# Gaussian Expectation of 2 Erfs

For the Standard Gaussian Expectation

$$\int_{-\infty}^{\infty} exp{(-u^2)}~ erf{(au)}~erf{(bu)}~du,$$

where $$erf(x)$$ is the cumulative densitiy function of a normal, I have found investigate the formulae

$$\frac{2}{\sqrt{\pi}} ~ atan\big(\frac{ab}{\sqrt{a^2+b^2+1}}\big)$$ (UPDATE: square-root was missing!)

described here. Can anybody confirm this result?

Anyway, I was wondering, how the formulae changes when instead a scaled Gaussian $$exp{(-\frac{u^2}{d})}$$ is used instead. That is, how can I compute

$$\int_{-\infty}^{\infty} exp{(-\frac{u^2}{d})}~ erf{(au)}~erf{(bu)}~du?$$

• Please bring some more context. It's quite obvious that the result is incorrect, take for example $a=b=1$ then the integral is easy to compute $\int_{-\infty}^\infty e^{-x^2} \operatorname{erf}^2 x dx=\frac{2}{\sqrt \pi} \frac{\operatorname{erf}^3 x}{3}\bigg|_{-\infty}^\infty=\frac{\sqrt \pi}{3}$. The formula that you stated there doesn't give this. Commented Feb 19, 2020 at 18:55
• Ups, there was an error, I missed the square-root in the denominator. I changed it and now your example should work. What do you mean with more context? Commented Feb 19, 2020 at 19:45
• Yes, now it should work. See here about context. Like, what have you tried? Or how did you encounter this integral? Btw the two integrals are the same, after you substitute $\frac{u}{\sqrt 2}=x$. Commented Feb 19, 2020 at 20:05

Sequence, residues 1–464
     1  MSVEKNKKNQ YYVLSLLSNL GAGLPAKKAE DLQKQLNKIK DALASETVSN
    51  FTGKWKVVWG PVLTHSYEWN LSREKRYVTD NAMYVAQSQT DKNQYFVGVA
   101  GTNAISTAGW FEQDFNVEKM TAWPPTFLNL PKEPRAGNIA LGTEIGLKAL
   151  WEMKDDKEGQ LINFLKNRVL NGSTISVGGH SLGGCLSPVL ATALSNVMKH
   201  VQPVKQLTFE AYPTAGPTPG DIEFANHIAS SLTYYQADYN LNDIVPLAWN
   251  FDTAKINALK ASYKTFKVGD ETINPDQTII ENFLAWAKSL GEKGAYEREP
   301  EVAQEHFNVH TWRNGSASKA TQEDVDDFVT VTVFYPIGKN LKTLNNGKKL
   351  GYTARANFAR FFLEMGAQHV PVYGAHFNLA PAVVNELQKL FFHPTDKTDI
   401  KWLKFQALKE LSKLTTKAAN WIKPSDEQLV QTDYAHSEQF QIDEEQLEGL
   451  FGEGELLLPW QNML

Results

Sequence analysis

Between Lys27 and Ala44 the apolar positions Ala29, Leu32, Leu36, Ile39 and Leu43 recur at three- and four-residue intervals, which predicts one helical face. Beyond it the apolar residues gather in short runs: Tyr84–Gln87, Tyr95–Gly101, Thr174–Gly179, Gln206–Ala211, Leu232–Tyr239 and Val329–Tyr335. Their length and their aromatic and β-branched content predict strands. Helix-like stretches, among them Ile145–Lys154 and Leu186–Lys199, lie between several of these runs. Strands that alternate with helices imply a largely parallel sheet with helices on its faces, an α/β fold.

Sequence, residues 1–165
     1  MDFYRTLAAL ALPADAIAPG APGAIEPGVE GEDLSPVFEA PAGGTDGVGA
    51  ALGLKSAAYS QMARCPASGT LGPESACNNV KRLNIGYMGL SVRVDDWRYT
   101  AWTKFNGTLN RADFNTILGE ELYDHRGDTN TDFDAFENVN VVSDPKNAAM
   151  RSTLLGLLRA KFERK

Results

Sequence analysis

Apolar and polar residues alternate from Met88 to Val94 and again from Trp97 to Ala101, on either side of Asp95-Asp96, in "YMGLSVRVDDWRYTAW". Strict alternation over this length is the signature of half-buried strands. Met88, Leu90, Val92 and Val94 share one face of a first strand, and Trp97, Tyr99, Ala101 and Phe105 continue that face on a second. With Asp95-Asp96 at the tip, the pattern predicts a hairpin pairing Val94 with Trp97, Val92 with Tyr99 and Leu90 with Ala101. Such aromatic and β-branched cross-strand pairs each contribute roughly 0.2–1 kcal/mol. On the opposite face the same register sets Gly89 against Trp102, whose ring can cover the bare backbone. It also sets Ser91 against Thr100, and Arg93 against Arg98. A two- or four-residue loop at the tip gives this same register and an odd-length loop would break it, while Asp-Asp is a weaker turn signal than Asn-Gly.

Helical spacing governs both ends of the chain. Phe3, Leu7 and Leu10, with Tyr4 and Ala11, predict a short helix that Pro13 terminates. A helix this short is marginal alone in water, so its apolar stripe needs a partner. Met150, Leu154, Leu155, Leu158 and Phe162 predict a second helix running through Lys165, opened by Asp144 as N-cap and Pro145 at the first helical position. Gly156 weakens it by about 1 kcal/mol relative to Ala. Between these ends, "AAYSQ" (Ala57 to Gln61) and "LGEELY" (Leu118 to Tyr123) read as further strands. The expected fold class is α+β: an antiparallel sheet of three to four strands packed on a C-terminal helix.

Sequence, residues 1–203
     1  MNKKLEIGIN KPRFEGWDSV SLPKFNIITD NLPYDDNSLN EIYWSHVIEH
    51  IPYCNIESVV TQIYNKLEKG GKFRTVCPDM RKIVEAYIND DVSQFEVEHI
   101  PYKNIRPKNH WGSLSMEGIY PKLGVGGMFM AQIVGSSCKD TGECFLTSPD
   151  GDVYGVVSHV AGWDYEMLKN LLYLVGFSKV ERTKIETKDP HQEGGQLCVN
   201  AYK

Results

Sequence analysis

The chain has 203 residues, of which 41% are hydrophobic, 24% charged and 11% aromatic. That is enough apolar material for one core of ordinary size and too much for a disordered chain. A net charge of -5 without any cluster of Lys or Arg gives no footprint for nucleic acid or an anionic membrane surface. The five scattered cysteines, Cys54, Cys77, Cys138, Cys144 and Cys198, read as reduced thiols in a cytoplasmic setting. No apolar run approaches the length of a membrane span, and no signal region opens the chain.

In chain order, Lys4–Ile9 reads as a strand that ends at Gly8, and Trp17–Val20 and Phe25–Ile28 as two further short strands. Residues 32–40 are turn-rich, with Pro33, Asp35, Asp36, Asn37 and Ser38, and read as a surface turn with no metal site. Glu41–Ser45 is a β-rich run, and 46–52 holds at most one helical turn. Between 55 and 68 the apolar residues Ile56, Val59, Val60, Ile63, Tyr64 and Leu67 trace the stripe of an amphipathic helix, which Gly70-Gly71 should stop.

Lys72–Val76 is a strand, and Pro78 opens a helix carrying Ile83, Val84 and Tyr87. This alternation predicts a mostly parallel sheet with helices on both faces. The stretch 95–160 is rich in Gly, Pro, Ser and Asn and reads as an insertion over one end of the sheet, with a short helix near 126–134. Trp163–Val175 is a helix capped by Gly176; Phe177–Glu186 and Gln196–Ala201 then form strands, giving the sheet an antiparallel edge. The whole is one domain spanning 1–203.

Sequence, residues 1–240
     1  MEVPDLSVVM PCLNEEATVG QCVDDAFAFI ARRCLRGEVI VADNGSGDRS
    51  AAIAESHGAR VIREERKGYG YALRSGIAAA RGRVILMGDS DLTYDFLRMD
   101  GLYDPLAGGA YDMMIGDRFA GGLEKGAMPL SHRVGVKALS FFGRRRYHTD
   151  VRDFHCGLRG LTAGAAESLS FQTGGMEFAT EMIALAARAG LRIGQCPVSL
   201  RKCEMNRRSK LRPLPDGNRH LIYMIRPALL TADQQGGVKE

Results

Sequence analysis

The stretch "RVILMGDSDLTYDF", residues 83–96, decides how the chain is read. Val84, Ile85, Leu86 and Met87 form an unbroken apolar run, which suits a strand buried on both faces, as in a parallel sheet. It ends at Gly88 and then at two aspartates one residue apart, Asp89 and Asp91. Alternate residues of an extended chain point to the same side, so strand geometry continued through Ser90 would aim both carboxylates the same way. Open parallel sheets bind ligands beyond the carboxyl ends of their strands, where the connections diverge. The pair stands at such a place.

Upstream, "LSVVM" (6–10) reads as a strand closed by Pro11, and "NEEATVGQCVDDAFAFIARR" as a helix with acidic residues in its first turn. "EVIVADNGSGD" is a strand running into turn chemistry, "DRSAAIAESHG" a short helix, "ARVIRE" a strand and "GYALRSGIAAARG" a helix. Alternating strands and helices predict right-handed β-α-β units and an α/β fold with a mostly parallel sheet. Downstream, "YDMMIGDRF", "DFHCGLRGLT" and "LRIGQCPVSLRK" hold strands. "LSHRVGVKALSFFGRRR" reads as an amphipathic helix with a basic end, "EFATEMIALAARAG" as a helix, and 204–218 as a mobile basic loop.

• Also the idea should be the same as here, just interchange the order of integrals. Commented Feb 19, 2020 at 20:09

Tanks for the hint. It was actually not that hard. I used $$\frac{u^2}{d}=x^2$$ leading to $$u = \sqrt{d} x$$ and $$du = \sqrt{d} dx.$$
Plugging-in yields $$\int_{-\infty}^{\infty} exp{(-\frac{u^2}{d})}~ erf{(au)}~erf{(bu)}~du$$ $$=\int_{-\infty}^{\infty} exp{(-x^2)}~ erf{(a\sqrt{d} x)}~erf{(b\sqrt{d} x)}~\sqrt{d} dx$$
$$=\frac{2 \sqrt{d}}{\sqrt{\pi}} ~ atan\big(\frac{ab\sqrt{d}\sqrt{d}}{\sqrt{a^2d+b^2d+1}}\big)$$ $$=\frac{2 \sqrt{d}}{\sqrt{\pi}} ~ atan\big(\frac{ab\sqrt{d}}{\sqrt{a^2+b^2+\frac{1}{d}}}\big).$$